[Note: Unattributed quotes below are from Olson.]
If human understanding wields the power that Kant says it does, then according to G. W. F. Hegel (1770-1831), Kant’s greatest successor, it follows that there is a historical dimension to any and all understandings – i.e., ideas grow, develop, and transform. Hegel labelled this a dialectic process where an idea – a thesis – and its opposite – an antithesis – dynamically interact to create a new understanding – a synthesis. One of the effects of Hegel’s philosophy was the creation of “a sense of national and racial identity that set Germans apart as mentally and spiritually superior to other persons”. And it bestowed tremendous power and authority on scholars and their ideas. That power came to the fore when political events created conflict between scholars and conservative religious thinkers.
Schleiermacher, Strauss, Feuerbach, and the Philosophical Foundations of German Materialism
Another outstanding scholar of the era was the theologian Friedrich Schleiermacher (1768-1834), known as the father of modern liberal theology (for trying to reconcile European Enlightenment principles with traditional Christian Protestantism). He argued that miracles were not a proof of the existence of God, a view that created enemies for him and strongly influenced the more radical David Strauss (1808-1874).
Strauss, mixing Hegel and Schleiermacher, came to the conclusion that not only were miracles not proof of the existence of God, but that the stories of the life of Jesus in the Bible were fictions and myths “created in a particular historical context to represent or symbolize” the “true aspects of the union of God with the universe.” His exposition of this doctrine, the book The LIfe of Jesus, Critically Examined, denied the divinity of Christ, claiming that it was necessary to do so to emphasize spiritual truths. The book, still in print nearly 180 years after first being published, scandalized German Protestants, indeed all of Europe, while simultaneously generating enthusiastic interest.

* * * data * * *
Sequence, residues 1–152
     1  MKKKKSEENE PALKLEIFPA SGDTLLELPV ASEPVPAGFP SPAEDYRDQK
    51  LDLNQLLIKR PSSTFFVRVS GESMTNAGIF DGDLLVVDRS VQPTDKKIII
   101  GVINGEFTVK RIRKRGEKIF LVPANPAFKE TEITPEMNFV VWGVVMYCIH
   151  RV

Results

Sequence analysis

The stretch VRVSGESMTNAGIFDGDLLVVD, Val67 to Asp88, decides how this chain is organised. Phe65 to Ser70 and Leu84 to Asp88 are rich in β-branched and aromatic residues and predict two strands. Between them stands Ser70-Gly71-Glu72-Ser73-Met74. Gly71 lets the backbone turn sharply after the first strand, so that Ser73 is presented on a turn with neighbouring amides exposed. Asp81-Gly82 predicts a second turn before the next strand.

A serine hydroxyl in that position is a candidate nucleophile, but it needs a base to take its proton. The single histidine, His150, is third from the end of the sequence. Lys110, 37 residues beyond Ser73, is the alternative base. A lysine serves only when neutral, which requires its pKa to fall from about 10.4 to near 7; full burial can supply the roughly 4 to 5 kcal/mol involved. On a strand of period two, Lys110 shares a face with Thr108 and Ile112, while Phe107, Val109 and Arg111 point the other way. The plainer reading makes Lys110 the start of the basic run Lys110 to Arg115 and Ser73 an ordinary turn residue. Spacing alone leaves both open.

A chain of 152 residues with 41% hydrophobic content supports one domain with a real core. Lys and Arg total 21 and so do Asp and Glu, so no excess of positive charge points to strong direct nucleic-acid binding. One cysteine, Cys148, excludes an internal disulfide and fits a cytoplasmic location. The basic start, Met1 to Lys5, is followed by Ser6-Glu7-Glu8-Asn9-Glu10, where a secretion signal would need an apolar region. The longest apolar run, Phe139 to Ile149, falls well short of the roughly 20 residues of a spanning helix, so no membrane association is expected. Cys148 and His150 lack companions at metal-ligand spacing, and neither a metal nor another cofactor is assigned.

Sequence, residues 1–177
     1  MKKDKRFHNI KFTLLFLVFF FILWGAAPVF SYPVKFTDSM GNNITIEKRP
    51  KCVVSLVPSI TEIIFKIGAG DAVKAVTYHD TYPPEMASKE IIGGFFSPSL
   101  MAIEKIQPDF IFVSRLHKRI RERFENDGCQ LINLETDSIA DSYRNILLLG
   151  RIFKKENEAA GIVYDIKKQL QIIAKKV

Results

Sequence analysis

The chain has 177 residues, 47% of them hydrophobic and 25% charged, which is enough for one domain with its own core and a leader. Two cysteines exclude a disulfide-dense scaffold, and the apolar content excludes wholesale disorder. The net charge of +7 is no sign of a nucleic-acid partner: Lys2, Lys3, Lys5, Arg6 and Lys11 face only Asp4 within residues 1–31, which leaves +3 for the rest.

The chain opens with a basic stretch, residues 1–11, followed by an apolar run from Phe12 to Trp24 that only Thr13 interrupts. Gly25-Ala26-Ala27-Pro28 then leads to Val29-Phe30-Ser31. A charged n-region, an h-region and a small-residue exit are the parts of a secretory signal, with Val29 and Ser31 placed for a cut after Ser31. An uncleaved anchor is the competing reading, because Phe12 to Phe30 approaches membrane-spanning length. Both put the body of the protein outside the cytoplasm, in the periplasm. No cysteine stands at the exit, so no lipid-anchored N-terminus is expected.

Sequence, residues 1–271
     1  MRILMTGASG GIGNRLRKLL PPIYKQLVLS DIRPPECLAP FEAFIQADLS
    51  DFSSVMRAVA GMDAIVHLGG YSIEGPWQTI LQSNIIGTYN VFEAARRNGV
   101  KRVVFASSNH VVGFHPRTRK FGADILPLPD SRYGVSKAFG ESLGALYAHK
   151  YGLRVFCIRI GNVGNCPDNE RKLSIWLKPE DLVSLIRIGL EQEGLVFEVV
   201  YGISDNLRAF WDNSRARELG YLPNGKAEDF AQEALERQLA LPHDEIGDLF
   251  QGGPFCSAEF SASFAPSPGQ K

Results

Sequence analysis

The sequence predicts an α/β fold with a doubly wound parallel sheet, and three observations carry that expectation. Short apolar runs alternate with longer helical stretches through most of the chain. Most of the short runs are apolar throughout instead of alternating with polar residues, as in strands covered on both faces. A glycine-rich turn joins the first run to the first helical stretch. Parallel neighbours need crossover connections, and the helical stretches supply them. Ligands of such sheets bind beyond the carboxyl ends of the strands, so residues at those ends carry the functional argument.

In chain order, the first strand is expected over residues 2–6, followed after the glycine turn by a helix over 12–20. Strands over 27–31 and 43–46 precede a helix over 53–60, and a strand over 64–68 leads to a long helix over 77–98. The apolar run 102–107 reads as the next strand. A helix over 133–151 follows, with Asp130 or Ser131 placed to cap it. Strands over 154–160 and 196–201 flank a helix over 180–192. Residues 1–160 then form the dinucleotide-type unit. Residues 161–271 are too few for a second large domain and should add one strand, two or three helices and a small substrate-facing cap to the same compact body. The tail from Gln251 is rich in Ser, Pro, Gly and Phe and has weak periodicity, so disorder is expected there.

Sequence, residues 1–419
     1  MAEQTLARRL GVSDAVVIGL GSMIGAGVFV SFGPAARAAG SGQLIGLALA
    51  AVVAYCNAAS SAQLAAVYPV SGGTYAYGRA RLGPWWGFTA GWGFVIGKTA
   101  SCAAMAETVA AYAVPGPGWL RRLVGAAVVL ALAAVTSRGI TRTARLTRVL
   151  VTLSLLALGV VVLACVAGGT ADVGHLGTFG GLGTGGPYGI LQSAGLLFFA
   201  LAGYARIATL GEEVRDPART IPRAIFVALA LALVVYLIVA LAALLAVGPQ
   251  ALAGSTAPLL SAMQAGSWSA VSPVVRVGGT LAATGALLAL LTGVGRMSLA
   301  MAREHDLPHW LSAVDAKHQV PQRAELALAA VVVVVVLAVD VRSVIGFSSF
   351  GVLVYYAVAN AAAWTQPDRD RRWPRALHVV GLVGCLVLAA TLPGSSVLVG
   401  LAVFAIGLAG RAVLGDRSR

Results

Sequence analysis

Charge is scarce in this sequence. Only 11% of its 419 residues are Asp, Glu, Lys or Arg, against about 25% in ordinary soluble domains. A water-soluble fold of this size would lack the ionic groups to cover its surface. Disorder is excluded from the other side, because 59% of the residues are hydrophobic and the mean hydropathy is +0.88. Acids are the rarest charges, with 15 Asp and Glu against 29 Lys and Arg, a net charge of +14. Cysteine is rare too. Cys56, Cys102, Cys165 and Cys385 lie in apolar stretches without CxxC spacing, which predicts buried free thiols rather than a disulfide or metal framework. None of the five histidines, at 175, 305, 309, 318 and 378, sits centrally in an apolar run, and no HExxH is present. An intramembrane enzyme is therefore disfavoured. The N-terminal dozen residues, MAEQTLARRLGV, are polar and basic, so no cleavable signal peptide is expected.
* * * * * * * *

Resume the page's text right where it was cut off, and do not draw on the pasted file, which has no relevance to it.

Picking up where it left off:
Ludwig Feuerbach (1804–1872) was the third of the trio of German philosophers and theologians who created the foundations for German philosophical and theological materialism. He made his mark initially by the anonymous publication of Thoughts on Death and Immortality in 1830. The University of California Press describes the consequences as follows:
The scandal created by portrayal of Christianity as an egoistic and inhumane religion cost the young Hegelian his job and, to some extent, his career. Joining philosophical argument to epigram, lyric, and satire, the work has three central arguments: first, a straightforward denial of the Christian belief in personal immortality; second, a plea for recognition of the inexhaustible quality of the only life we have; and third, a derisive assault on the posturings and hypocrisies of the professional theologians of nineteenth-century Germany.
However, it was The Essence of Christianity (1841) that cemented his reputation as a radical. It strongly influenced Marx and Engels, became a staple of the humanist rejection of religion, and fed a number of different threads of German materialism and their outgrowths around the world. The Encyclopedia Britannica in its article on Feuerbach characterized his views in the book as follows:
Feuerbach posited the notion that man is to himself his own object of thought and that religion is nothing more than a consciousness of the infinite. The result of this view is the notion that God is merely the outward projection of man’s inward nature. In the first part of his book, which strongly influenced Marx, Feuerbach analyzed the “true or anthropological essence of religion.” Discussing God’s aspects “as a being of the understanding,” “as a moral being or law,” “as love,” and others, he argued that they correspond to different needs in human nature. In the second section he analyzed the “false or theological essence of religion,” contending that the view that God has an existence independent of human existence leads to a belief in revelation and sacraments, which are items of an undesirable religious materialism. Although Feuerbach denied that he was an atheist, he nevertheless contended that the God of Christianity is an illusion.
Feuerbach soon proclaimed himself a materialist along the lines of the French thinker Helvetius (1715 – 1771), “insisting that any account of religious beliefs had to begin from an assessment of the concrete material and social conditions of social life.” This, Olson writes, was “a position that had tremendous appeal to liberal and radical young people during the 1840s, when social and economic distress and inequity was an increasing obvious fact of life and when religious institutions were often functioning as arms of the state to enforce intellectual conformity and economic injustice.” In 1848-1849, a failed revolution in Germany left Feuerbach and his materialism as an influential and increasingly popular foil to autocratic rule and religious conservatism that had prevailed after the revolution was suppressed.
It was to become even more influential.
Next week, we address the scientific materialisms of Buchner, Vogt, and Moleschott. The following week, we look at Marxism and dialectical materialism.
This is the 12th in a series of blogs on the modern science and religion literature. The author, Stephen Friberg, is a Bahá’í living in Mountain View, California. A research physicist by training, he wrote Religion and Evolution Reconciled: ‘Abdu’l-Bahá’s Comments on Evolution with Courosh Mehanian. He worked in Japan for 10 years before joining the semiconductor industry in Silicon Valley.